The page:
In the last ten years, we have seen the barriers of entry to stock market investing disappear, as the internet and apps have allowed anyone to easily invest in the market with a few clicks of a button or touch screen.
Not so coincidentally, we have also seen the rise of ethical investing, as more and more people are investing in companies and ETFs whose values align with their own. This allows them to reward companies who are ethical and, in turn, incentives other companies to evolve their practices to become more sustainable and ultimately beneficial to the world at large.
In this article, we will define ethical investing and impact investing so you can better understand what qualifies as an ethical investment ETFs or company.
What is Ethical Investing?
At its core, ethical investing means investing in companies or ETFs that do good. However, as you can see, that definition has a lot of room for interpretation, as doing good is a very subjective barometer. Every individual and corporation has their own definition of doing good, and some of these interpretations are only surface level.
Typically, when trying to become an ethical investor, the goal is to avoid companies that have a negative impact on the world, either socially or environmentally. Now, no company is perfect, and producing its product or service will almost always take something from society. So the goal for an ethical investor is to find companies and ethical investment ETFs that aim to give back more than they take and, in theory, become a net positive to the world at large.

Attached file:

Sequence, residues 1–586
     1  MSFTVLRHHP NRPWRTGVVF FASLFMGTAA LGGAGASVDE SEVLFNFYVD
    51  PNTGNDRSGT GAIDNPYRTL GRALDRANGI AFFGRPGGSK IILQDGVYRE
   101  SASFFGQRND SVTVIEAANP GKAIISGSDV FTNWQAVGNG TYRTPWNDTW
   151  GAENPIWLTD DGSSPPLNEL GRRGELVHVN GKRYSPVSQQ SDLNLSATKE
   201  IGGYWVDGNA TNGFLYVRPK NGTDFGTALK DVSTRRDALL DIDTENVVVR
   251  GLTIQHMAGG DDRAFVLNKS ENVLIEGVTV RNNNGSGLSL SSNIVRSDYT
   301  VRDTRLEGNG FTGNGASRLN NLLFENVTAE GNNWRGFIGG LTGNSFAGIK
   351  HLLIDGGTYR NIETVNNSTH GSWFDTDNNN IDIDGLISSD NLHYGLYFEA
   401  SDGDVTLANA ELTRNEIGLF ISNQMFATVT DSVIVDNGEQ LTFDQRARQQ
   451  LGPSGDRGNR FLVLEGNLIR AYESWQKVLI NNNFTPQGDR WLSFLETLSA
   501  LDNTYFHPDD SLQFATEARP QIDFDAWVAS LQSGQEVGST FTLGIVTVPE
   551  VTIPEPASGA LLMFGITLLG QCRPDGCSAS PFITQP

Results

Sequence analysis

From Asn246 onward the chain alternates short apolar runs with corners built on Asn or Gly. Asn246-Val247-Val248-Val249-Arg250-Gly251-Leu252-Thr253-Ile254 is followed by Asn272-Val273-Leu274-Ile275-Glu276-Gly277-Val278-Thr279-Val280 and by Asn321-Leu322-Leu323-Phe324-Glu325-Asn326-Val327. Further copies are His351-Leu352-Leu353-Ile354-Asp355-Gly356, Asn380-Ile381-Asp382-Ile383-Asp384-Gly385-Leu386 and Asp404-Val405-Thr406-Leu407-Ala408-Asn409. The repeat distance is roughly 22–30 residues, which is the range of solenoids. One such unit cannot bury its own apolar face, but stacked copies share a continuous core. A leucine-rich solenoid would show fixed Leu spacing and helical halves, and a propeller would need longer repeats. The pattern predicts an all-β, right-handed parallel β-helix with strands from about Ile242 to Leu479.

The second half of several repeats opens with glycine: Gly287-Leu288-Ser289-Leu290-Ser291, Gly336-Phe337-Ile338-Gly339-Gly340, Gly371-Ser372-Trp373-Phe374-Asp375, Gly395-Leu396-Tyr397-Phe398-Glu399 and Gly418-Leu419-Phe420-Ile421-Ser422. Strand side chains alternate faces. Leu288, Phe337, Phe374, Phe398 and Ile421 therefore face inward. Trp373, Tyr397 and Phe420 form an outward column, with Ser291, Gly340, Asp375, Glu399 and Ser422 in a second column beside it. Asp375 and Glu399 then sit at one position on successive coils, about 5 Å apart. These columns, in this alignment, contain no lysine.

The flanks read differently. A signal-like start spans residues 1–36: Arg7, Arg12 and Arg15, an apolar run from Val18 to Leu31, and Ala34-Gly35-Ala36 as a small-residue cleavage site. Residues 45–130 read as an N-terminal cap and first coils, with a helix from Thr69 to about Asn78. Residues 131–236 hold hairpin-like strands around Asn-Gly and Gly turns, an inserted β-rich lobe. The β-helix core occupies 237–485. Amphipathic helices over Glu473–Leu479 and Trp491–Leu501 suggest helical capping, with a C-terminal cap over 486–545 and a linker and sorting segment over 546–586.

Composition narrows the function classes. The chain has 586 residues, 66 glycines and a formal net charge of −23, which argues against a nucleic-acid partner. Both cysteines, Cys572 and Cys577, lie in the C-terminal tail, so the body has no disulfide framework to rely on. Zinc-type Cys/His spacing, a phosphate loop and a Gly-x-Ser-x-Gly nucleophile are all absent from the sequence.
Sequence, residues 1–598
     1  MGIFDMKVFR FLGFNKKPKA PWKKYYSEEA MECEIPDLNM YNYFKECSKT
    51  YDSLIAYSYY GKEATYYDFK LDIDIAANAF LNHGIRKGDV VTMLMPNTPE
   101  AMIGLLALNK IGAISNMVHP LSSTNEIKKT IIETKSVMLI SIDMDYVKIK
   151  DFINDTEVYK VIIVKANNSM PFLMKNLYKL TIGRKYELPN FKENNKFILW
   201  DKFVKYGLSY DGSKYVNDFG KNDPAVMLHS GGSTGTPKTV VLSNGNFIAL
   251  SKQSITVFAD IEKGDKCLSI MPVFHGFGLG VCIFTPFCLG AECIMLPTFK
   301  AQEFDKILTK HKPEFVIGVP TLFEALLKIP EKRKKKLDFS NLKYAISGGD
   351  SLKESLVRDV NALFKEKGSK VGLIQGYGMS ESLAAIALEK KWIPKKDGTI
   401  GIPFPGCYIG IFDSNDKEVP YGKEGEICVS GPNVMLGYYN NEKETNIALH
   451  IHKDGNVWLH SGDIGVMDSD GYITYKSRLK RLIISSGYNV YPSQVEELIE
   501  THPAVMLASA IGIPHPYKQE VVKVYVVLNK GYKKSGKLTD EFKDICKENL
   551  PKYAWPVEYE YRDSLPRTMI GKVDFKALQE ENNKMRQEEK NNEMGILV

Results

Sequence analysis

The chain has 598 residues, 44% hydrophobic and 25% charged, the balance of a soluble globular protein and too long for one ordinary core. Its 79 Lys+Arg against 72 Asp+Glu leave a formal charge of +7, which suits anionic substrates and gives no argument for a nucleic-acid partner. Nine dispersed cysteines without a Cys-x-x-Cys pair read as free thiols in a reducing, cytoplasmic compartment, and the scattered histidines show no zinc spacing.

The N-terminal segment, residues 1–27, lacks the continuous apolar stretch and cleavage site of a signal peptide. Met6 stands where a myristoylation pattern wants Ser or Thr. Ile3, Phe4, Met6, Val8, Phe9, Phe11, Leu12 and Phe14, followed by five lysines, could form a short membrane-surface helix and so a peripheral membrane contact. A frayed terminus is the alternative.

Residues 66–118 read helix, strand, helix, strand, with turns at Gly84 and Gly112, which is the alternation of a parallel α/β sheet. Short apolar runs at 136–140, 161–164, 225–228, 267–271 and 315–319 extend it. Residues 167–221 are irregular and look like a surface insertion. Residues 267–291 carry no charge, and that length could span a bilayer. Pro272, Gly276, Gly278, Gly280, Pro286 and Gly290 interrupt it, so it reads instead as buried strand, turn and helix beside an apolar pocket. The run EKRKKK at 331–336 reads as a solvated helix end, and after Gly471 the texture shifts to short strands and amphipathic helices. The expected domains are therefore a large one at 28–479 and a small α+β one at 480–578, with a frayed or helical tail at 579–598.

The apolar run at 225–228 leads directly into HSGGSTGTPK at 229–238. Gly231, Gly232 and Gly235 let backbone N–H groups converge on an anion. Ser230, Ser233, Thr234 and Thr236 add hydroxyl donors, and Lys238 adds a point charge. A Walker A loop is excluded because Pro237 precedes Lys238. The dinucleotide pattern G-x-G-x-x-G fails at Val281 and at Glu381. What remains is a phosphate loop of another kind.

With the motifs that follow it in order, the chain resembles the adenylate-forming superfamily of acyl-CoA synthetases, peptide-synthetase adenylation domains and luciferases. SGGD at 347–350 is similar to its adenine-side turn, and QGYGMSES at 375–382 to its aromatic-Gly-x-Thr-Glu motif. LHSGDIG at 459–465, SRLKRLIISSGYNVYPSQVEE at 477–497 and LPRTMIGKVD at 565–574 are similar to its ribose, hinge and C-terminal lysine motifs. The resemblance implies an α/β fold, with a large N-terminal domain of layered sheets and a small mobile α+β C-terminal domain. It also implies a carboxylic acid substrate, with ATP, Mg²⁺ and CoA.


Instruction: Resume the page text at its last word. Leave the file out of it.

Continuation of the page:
What is Impact Investing?
Impact investing can be considered an evolution of ethical investing, where you are not only investing in companies that provide a positive value to the world but whose business goal is to create a positive impact on society and the environment. For example, impact investing in sustainable agriculture involves investing in assets that provide returns while also having a positive impact on the environment.
For a company or ETF to qualify as ethical investment, it has to produce a positive value to the world. However, this often results in negative impacts, such as reducing their carbon footprint or improving employee satisfaction.
However, for an ethical investment ETF or company to be considered an impact investment, it has to directly provide a positive impact on the world. This can be easily identified in companies that create green technology, such as electric cars, solar panels, wind turbines, and sustainable farming techniques.
Becoming an Ethical Investor
As you can see, impact investing and ethical investing are very similar, and while impact investing produces more noticeable positive change in the world, it still may not be an ethical investment. For example, a solar panel manufacturer may produce a positive impact, but if their manufacturing process creates a high amount of air pollutants and treats their employees unwell, their net impact will fall on the unethical side of the spectrum. That’s why understanding the basics of becoming an ethical investor is crucial, even if you only plan on impact investing.